For this report we grouped countries into two economic categories: “advanced” and “emerging and developing.” In the report, this category is referred to as “emerging.” These categories are fairly common in specialized and popular discussions and are helpful for analyzing how public attitudes vary with economic circumstances. However, no single, agreed-upon scheme exists for placing countries into these categories. For example, even the World Bank and International Monetary Fund do not always agree on how to categorize economies.
In creating our economic classification of the 27 countries in our survey, we relied on multiple sources and criteria. Specifically, we were guided by World Bank income classifications; classifications of emerging markets by other multinational organizations, such as the International Monetary Fund; per capita gross domestic product (GDP); total size of the country’s economy, as measured by GDP; and average GDP growth rate between 2013 and 2017.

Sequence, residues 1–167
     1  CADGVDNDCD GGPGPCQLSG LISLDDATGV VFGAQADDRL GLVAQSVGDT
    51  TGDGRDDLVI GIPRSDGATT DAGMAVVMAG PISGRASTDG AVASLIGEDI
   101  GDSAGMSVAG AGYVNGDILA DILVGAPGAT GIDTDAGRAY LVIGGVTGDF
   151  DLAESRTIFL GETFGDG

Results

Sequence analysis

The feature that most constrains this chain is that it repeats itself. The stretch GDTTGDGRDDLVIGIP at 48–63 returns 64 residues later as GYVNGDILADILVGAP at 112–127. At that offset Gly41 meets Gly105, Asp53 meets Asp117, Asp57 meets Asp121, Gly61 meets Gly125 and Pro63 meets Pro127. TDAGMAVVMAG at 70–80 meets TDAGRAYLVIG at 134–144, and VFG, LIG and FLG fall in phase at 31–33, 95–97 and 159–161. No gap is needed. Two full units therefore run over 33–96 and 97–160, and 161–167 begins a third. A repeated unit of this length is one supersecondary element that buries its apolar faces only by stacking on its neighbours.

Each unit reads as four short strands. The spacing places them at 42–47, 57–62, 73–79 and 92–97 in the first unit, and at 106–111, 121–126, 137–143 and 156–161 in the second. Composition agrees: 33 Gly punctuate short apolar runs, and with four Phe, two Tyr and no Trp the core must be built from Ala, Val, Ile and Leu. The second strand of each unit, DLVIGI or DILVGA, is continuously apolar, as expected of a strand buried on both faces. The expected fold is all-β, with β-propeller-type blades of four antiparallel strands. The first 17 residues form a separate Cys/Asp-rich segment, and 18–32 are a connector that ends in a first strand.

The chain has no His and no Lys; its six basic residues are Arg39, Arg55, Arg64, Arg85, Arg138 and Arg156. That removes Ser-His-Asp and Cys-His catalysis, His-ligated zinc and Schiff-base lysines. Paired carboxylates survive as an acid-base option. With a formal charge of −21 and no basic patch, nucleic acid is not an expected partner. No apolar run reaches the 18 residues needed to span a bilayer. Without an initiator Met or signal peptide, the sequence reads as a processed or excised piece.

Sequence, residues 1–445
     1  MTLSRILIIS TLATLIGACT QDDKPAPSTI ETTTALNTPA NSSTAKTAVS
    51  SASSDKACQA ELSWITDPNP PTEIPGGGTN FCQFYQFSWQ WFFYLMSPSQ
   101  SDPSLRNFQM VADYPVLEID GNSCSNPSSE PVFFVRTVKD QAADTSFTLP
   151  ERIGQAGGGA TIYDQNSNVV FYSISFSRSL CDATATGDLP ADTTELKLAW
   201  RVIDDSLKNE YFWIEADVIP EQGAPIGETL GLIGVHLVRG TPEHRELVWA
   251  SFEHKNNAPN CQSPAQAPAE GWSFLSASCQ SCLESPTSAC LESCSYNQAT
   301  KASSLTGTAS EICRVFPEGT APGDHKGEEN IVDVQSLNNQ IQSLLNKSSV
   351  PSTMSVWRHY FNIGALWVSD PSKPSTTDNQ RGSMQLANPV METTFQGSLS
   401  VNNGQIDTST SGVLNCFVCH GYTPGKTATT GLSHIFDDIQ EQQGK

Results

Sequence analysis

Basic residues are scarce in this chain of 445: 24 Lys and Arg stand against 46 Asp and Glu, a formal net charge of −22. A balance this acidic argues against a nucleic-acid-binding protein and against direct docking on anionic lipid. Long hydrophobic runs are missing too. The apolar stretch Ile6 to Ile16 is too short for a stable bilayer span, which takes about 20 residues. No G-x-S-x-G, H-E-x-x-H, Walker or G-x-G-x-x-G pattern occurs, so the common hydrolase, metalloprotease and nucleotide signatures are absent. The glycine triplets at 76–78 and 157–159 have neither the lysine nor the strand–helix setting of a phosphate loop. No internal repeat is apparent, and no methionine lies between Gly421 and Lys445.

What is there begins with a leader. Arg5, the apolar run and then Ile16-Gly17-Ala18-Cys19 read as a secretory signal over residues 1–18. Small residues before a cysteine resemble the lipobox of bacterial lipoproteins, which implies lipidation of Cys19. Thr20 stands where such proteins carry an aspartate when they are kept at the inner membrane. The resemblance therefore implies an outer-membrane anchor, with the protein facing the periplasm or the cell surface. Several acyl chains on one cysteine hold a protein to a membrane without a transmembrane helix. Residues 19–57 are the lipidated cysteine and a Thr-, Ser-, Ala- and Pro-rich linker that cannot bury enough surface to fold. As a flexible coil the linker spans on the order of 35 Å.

Below is a table that outlines the countries that fall into each of the two categories. The table includes the World Bank income classification, the 2017 GDP per capita based on purchasing power parity (PPP) in current prices, the 2017 GDP in current U.S. dollars and the average GDP growth rate between 2013 and 2017 for each country.